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[in-dig-nuh nt] /ɪnˈdɪg nənt/
feeling, characterized by, or expressing strong displeasure at something considered unjust, offensive, insulting, or base:
indignant remarks; an indignant expression on his face.
Origin of indignant
1580-90; < Latin indignant- (stem of indignāns, present participle of indignārī to deem unworthy, take offense), equivalent to in- in-3 + dign-, stem of dignus worthy + -ant- -ant
Related forms
indignantly, adverb
half-indignant, adjective
half-indignantly, adverb
superindignant, adjective
superindignantly, adverb
unindignant, adjective
Can be confused
indigent, indignant.
angry, resentful, infuriated, mad. Unabridged
Based on the Random House Dictionary, © Random House, Inc. 2018.
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Examples from the Web for indignantly
Contemporary Examples
Historical Examples
  • "He had no right to speculate with my mother's money," said Robert, indignantly.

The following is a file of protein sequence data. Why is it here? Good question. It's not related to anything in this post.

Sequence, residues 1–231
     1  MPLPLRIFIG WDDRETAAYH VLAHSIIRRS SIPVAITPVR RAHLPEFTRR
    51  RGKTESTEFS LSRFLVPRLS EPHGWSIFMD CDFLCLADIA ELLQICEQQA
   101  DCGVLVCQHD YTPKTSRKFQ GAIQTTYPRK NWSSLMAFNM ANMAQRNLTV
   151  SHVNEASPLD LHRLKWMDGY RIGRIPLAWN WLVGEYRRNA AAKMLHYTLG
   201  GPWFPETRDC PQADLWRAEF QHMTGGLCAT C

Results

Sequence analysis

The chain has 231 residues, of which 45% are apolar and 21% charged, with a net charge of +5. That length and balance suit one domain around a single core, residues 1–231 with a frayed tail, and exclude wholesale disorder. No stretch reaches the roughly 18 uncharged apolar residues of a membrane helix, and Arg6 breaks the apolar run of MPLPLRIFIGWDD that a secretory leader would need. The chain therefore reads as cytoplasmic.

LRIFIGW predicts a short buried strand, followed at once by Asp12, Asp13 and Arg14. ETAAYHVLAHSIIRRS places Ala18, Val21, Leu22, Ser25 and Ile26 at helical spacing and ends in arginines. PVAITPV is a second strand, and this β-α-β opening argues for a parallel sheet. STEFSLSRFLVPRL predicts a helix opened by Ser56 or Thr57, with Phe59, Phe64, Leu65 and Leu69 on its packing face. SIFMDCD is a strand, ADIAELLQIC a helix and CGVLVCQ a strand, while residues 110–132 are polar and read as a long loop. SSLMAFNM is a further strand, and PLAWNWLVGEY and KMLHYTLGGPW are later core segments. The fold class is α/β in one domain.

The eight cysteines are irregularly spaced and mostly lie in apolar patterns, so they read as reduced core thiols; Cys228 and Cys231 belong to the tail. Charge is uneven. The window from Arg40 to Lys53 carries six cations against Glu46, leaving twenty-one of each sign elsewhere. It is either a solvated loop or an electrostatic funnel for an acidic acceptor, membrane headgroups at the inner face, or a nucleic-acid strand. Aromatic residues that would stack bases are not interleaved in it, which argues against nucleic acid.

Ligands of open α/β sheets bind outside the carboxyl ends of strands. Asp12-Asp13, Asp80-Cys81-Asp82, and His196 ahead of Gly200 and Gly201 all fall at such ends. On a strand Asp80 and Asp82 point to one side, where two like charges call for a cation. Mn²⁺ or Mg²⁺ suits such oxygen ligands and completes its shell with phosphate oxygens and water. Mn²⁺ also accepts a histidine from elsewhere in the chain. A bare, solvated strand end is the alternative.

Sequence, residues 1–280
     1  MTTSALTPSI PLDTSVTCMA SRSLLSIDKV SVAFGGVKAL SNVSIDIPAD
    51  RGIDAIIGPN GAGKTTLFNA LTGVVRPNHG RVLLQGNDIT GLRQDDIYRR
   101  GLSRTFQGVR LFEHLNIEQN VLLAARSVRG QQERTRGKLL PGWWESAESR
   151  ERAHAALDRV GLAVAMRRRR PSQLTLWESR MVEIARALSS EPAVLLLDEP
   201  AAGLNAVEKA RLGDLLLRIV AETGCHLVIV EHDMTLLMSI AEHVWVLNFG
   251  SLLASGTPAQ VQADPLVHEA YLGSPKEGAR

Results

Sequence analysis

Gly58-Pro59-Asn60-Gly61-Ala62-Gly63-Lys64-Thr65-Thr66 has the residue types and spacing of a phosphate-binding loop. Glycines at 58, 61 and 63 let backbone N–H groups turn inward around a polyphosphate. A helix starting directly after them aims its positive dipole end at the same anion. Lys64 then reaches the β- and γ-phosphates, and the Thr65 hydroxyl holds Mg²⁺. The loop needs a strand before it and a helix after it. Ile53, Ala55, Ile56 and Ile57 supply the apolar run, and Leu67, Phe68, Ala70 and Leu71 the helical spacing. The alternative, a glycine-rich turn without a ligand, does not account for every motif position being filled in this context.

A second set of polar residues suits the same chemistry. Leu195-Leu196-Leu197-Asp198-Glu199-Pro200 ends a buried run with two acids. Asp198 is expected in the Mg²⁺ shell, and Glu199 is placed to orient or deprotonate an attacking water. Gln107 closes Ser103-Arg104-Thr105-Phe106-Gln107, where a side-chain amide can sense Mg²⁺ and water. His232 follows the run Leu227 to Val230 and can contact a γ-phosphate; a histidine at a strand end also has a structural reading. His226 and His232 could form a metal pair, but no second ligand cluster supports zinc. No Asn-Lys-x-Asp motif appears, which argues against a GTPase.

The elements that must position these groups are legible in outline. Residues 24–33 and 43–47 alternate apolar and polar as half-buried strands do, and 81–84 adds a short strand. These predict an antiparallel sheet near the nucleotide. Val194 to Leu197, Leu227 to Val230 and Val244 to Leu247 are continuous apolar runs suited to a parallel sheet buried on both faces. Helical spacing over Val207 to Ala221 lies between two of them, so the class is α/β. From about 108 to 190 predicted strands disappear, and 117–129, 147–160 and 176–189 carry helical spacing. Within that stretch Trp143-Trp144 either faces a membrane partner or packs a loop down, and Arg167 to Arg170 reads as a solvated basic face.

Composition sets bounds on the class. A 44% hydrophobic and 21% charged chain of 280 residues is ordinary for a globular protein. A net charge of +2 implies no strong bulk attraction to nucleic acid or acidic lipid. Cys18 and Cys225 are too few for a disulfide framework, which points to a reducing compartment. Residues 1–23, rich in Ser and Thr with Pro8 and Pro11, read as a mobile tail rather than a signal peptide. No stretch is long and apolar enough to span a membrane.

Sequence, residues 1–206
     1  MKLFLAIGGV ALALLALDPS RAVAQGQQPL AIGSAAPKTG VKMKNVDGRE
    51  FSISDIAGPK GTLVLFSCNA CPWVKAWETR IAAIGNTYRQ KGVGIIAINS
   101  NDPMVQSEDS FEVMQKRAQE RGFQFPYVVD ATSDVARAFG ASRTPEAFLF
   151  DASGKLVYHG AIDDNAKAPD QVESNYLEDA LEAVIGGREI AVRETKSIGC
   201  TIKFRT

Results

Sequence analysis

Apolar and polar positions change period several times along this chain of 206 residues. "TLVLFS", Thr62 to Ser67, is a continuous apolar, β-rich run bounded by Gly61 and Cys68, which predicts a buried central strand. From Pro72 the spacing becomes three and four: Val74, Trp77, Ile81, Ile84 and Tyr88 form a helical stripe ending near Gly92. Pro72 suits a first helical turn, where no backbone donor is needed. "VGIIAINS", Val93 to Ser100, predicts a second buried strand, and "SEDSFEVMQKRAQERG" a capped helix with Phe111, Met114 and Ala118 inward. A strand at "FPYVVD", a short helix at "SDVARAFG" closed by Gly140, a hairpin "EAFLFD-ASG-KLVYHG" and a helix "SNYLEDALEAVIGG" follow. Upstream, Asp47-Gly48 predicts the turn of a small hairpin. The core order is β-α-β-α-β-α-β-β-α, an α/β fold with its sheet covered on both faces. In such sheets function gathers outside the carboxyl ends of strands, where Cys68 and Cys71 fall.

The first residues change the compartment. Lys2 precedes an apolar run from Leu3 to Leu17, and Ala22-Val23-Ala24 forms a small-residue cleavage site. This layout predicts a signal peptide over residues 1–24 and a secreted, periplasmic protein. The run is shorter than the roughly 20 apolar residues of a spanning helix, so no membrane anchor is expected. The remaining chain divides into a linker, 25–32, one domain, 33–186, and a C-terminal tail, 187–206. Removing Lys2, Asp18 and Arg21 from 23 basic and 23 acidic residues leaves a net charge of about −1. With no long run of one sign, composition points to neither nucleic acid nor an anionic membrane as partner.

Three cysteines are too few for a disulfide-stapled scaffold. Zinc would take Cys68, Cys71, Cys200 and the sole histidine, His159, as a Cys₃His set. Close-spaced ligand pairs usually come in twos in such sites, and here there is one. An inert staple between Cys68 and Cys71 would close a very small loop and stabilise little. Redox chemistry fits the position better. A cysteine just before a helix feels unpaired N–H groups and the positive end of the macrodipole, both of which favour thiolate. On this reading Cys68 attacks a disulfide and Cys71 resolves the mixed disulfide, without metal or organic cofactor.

Brave and Bold Horatio Alger
  • A suspicion of Arthur Beaufort crossed him, but he indignantly dismissed it.

    Night and Morning, Complete Edward Bulwer-Lytton
  • indignantly he had taken his calculations, his blue prints of the spheroid, along with him.

    Slaves of Mercury Nat Schachner
  • The literary man may indignantly repudiate the idea of “preaching.”

    Mountain Meditations L. Lind-af-Hageby
  • "Of course I shan't do any such thing," she declared, indignantly.

    Thankful's Inheritance Joseph C. Lincoln
  • Mr. Bangs indignantly declared that the horse was all right.

    Cy Whittaker's Place Joseph C. Lincoln
  • “I never liked the Blaisdells,” declared Caroline, indignantly.

    Cap'n Warren's Wards Joseph C. Lincoln
  • "They don't call him 'The Quahaug' any more," she declared, indignantly.

    Kent Knowles: Quahaug Joseph C. Lincoln
British Dictionary definitions for indignantly


feeling or showing indignation
Derived Forms
indignantly, adverb
Word Origin
C16: from Latin indignārī to be displeased with
Collins English Dictionary - Complete & Unabridged 2012 Digital Edition
© William Collins Sons & Co. Ltd. 1979, 1986 © HarperCollins
Publishers 1998, 2000, 2003, 2005, 2006, 2007, 2009, 2012
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Word Origin and History for indignantly



1580s, from Latin indignantem (nominative indignans) "impatient, reluctant, indignant," present participle of indignari "to be displeased at, be indignant" (see indignation). Related: Indignantly.

Online Etymology Dictionary, © 2010 Douglas Harper
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